Consumer Outrage Dwindles as BlizzCon Thrives

Photo Courtesy of

Popular video game publisher and developer conglomerate Activision Blizzard has come under large amounts of scrutiny after they banned professional “Hearthstone” player Ng Wai Chung for making a statement in support of pro-democracy protests in his hometown of Hong Kong during a livestream of a tournament.

With BlizzCon 2019 happening this past weekend, there was reason to believe that there was going to be some sort of protest following recent controversies, and indeed, many demonstrators showed up outside of the convention center where it was held.

This begs the question, can Activision Blizzard or any company come back from a bad public relations stunt

There’s an age-old adage that no publicity is bad publicity. This is an adage I’ve questioned several times in my life. It would seem like being on the wrong side of a fight against human rights violations to prevent your company from losing money in the Chinese market would be hard for even the best public relations person to spin as a positive.

Certainly Activision Blizzard, who has made some of the most beloved and commercially successful video games of all time such as “StarCraft” and “World of Warcraft,” doesn’t need any more publicity than they would usually get around the time of their own convention.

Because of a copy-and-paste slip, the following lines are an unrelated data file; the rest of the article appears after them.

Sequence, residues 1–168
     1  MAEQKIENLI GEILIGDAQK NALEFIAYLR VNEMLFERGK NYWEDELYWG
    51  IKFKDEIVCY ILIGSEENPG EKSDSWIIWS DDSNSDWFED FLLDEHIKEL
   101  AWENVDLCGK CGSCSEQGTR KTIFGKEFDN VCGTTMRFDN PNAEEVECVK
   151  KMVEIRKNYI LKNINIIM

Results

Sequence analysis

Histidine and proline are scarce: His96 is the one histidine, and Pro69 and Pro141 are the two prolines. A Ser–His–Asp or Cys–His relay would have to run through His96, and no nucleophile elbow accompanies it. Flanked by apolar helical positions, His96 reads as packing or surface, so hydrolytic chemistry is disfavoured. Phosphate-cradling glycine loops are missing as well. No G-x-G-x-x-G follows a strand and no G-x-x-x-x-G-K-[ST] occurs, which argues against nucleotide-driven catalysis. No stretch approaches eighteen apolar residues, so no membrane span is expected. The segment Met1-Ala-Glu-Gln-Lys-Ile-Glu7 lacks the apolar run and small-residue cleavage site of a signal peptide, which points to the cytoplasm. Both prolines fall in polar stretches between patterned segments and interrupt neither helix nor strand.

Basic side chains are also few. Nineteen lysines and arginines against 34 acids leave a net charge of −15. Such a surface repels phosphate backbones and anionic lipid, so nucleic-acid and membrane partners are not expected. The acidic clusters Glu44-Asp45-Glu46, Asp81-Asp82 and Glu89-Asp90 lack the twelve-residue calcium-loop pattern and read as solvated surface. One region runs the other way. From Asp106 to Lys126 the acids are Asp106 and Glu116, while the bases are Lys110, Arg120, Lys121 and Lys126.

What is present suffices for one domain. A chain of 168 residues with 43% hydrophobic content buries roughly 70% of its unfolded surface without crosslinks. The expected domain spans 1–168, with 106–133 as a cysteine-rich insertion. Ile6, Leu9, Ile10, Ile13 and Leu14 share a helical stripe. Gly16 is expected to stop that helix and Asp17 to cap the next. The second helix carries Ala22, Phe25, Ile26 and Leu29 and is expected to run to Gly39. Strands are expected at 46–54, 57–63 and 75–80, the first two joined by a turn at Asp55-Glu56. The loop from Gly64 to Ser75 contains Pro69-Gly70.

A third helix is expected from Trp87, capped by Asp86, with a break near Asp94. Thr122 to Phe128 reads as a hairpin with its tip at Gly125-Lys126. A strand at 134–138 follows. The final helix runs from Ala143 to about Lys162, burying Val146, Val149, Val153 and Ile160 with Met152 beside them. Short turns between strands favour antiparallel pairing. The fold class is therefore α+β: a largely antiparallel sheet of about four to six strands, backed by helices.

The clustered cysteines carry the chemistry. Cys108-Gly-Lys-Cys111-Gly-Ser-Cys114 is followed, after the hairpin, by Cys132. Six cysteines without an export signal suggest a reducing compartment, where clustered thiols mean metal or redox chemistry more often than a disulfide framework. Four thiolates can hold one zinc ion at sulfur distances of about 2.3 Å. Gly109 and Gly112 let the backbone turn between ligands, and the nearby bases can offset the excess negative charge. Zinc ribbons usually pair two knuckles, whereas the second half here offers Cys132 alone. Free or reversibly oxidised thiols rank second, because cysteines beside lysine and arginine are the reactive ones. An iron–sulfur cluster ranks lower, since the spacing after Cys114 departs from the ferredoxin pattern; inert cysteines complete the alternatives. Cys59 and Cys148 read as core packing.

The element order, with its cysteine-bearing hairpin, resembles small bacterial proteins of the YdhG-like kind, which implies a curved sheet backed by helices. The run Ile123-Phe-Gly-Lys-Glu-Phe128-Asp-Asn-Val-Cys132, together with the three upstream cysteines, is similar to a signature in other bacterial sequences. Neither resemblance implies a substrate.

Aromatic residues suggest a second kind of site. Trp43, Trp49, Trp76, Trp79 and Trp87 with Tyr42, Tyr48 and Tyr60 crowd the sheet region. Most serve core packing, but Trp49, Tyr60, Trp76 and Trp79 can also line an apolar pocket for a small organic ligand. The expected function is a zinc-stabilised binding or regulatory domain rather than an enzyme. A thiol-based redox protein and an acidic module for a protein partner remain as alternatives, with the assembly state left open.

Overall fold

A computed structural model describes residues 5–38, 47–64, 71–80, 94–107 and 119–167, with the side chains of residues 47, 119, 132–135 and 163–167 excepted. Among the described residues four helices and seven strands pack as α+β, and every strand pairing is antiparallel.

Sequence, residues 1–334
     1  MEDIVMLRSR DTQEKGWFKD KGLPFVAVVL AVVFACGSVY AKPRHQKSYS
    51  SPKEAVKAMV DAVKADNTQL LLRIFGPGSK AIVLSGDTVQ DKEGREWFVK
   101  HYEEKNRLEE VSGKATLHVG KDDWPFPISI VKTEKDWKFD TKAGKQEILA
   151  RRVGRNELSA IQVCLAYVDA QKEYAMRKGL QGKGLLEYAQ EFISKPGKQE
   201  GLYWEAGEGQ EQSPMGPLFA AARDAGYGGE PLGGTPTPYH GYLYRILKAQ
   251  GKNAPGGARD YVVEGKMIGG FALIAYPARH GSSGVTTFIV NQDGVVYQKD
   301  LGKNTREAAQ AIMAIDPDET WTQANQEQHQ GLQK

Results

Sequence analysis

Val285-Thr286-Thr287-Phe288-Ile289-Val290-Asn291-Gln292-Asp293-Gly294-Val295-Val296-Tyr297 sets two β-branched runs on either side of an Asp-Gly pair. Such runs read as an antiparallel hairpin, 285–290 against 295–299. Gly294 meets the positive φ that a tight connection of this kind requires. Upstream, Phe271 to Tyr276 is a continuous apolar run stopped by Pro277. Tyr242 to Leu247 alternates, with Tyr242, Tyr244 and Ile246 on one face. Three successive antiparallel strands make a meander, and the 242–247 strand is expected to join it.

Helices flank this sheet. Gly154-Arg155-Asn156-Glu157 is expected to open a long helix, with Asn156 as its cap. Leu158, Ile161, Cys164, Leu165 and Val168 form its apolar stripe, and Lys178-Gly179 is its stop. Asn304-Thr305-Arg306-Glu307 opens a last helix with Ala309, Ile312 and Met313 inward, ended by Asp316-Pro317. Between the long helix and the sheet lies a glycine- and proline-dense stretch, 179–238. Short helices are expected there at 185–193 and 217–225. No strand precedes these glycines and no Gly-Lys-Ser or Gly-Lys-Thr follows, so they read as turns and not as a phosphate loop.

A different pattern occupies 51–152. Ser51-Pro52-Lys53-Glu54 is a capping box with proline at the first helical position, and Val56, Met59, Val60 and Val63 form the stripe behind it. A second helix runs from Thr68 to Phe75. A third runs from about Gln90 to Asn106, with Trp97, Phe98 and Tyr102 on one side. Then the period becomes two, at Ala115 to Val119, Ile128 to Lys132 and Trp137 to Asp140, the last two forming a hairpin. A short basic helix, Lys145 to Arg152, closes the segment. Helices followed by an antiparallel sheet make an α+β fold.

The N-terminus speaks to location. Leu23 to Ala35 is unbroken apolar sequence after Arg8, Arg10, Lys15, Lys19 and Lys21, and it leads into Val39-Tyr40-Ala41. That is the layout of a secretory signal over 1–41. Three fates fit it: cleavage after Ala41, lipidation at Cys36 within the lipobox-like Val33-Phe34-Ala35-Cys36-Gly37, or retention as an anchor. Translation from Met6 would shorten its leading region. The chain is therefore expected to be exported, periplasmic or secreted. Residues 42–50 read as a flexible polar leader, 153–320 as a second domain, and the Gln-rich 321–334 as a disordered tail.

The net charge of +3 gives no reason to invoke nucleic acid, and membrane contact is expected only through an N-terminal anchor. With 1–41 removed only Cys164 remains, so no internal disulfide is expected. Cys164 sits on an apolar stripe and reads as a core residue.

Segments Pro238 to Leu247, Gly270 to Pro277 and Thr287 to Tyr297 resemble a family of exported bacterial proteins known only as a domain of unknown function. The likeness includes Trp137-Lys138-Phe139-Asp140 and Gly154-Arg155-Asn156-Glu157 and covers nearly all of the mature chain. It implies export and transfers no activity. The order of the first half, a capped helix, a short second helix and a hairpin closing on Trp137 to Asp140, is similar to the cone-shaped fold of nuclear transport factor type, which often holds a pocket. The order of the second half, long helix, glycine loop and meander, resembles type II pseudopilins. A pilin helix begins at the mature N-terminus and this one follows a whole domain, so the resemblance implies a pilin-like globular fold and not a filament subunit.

But despite the recent bad publicity, Blizzard doesn’t seem to really need to bounce back from it, at least not in the only way that actually matters to them: their cash flow.

A decent portion of the public seems to have already stopped caring about their controversial handling of the Hong Kong protests by focusing instead on the company announcing long awaited sequels to popular games “Overwatch” and “Diablo.”

Ultimately, it is up to the consumer to decide whether or not a company succeeds despite bad PR. Sometimes boycotting does work, but often times the demand for a product outweighs people’s moral integrity.

A large majority of the public has a different view of Activision Blizzard after the Hong Kong controversy, but I don’t think any company really cares how the public views them if they’re still making money.

Leave a Reply